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Published on Oct 24, 2012
2012.09.28 Part 10 of 13 Catherine Seavitt Nordenson: Adaptive Sediments - Dredge and Drift
On Friday, September 28 we welcomed the Dredge Research Collaborative for an afternoon of conversation about the human acceleration of sediments. As the DRC, who first discussed their research in a Live Interview at Studio-X NYC (LI@SX) in January 2012, note, "New York is a city built on dredge," from its filled-in shoreline and deepened harbor channels to contemporary projects aimed at the restoration of marshland ecology and the remediation of toxic sites. This Dredgefest Symposium served as an opportunity for conversation between corporate practitioners, government agencies, urbanists, artists, industry experts, and the general public.
The schedule was as follows:
1:00 pm Dredge and the Anthropocene In three short talks and a panel discussion, we introduce the idea of dredge as a process that is interconnected with a much larger regime of human sediment handling practices, and examine ways that humans act as geologic agents.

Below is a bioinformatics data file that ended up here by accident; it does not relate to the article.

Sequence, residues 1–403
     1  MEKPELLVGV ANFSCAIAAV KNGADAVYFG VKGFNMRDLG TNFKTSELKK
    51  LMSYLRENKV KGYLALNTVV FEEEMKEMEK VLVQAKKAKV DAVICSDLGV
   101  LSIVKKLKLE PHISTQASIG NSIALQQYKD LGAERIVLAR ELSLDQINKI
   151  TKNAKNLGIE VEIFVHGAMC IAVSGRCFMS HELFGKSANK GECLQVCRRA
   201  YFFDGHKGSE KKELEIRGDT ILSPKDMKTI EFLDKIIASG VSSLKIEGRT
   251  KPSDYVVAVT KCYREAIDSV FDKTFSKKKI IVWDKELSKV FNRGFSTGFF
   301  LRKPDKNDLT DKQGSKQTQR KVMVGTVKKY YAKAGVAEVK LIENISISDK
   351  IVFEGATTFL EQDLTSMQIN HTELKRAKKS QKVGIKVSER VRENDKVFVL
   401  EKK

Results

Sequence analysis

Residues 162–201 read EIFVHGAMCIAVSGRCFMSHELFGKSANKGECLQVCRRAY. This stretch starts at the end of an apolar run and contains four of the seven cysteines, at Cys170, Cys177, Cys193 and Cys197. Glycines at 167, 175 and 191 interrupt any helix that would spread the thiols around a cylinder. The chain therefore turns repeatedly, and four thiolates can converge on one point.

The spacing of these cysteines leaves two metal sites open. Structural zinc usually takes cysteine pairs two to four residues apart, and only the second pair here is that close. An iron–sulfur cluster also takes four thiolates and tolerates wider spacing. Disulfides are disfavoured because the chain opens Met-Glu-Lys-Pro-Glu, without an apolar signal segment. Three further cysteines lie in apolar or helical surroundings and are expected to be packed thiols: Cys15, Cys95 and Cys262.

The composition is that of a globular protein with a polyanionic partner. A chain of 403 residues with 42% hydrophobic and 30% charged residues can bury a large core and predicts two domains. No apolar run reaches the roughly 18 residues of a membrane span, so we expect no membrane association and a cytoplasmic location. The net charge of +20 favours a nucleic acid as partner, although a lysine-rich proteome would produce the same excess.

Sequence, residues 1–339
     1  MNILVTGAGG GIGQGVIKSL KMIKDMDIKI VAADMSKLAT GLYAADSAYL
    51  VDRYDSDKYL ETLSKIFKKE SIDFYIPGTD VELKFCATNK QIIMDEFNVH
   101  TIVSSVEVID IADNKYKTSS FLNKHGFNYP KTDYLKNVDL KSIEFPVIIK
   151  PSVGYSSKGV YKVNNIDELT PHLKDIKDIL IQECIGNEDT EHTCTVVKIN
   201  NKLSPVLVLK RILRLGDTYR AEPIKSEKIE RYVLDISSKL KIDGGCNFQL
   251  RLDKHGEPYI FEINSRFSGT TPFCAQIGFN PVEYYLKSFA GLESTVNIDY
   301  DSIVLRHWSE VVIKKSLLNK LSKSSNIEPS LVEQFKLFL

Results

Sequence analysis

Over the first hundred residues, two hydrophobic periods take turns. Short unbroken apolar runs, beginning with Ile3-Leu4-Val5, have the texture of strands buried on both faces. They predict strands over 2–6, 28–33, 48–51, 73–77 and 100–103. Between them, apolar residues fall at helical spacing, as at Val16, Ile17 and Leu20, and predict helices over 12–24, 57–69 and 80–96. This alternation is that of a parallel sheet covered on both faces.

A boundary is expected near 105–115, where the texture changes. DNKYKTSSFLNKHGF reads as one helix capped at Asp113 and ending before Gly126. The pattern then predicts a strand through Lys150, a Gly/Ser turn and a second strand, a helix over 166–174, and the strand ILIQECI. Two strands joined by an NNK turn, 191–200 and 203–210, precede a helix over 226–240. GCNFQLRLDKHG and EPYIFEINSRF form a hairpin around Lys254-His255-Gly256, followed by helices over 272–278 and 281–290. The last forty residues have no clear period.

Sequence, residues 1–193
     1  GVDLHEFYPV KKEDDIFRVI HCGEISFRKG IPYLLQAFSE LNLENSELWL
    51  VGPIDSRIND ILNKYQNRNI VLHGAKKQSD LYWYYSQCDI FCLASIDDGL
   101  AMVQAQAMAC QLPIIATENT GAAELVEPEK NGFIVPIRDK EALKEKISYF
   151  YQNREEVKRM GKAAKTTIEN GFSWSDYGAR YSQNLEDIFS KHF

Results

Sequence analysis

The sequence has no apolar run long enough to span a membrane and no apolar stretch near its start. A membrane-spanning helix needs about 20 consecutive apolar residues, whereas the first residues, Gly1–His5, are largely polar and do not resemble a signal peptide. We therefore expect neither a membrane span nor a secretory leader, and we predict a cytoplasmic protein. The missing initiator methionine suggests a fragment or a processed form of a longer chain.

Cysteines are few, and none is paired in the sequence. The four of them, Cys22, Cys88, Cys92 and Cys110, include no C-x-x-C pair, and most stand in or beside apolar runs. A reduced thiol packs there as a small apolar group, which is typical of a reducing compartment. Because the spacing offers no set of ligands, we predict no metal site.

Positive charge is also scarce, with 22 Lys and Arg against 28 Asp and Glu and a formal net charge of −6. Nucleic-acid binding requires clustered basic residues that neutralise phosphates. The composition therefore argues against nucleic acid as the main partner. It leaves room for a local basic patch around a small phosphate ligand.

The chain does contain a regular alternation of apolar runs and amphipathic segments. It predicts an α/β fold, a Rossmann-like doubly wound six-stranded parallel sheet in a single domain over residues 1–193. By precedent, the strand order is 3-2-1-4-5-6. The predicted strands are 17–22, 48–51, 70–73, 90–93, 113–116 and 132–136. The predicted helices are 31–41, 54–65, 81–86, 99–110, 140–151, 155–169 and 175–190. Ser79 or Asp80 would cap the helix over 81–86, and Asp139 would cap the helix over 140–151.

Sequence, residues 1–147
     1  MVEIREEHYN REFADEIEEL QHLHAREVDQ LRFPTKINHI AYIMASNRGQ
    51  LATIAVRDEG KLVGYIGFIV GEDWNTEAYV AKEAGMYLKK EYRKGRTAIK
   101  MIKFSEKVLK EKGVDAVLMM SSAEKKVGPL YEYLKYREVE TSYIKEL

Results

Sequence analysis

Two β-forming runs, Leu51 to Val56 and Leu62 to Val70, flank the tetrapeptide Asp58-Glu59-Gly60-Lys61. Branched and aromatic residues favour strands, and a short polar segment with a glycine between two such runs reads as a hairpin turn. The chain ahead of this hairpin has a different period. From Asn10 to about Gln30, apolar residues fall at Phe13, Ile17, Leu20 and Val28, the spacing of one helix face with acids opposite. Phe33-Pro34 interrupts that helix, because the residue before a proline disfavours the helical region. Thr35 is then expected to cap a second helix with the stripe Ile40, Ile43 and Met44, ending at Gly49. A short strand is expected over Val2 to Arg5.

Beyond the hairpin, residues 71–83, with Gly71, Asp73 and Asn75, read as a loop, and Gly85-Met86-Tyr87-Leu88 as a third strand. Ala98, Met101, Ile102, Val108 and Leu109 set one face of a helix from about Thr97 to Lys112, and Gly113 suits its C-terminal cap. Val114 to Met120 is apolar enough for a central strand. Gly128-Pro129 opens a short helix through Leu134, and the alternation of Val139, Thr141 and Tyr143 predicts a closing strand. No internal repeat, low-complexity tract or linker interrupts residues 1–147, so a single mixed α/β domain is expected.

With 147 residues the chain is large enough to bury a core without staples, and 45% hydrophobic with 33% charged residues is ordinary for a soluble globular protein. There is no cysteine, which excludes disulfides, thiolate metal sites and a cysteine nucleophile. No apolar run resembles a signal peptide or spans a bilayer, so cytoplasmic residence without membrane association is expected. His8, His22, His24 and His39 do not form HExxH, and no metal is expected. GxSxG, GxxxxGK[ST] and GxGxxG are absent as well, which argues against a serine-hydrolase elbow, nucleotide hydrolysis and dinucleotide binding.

Participants include: Lisa Baron, Project Manager, USACE Eric Sanderson, Landscape Ecologist and author of Mannahatta Roger Hooke, Research professor, University of Maine Andrew Genn, Senior Vice President, NYC Economic Development Corporation
3:00 pm Circularity and Feedback Short talks by leading practitioners examine the current evolution of the handling of sedimentary resources from twentieth-century linear industrial models towards twentyfirst-century methods that create cycles, positive feedback loops, and resilience in the face of contemporary environmental challenges.
Participants include: Bill Murphy, e4sciences Douglas Pabst, EPA's Dredged Material Management Integration Workgroup for the NY/NJ Harbor
4:45 pm Regeneration and Public Participation With a talk and panel, we examine the emergence of dredge as a resource for environmental regeneration, as in the current restoration of island wetlands within Jamaica Bay using dredged material from channel deepening projects. This section will also highlight the grass roots of dredge, looking at practitioners who enable public participation through their work.
Participants include: Kate Orff, SCAPE and Columbia University GSAPP Meredith Comi, Director, Oyster Restoration Program and NY/NJ Baykeeper Dave Avrin, Chief of Resources at Gateway National Recreation Area, NPS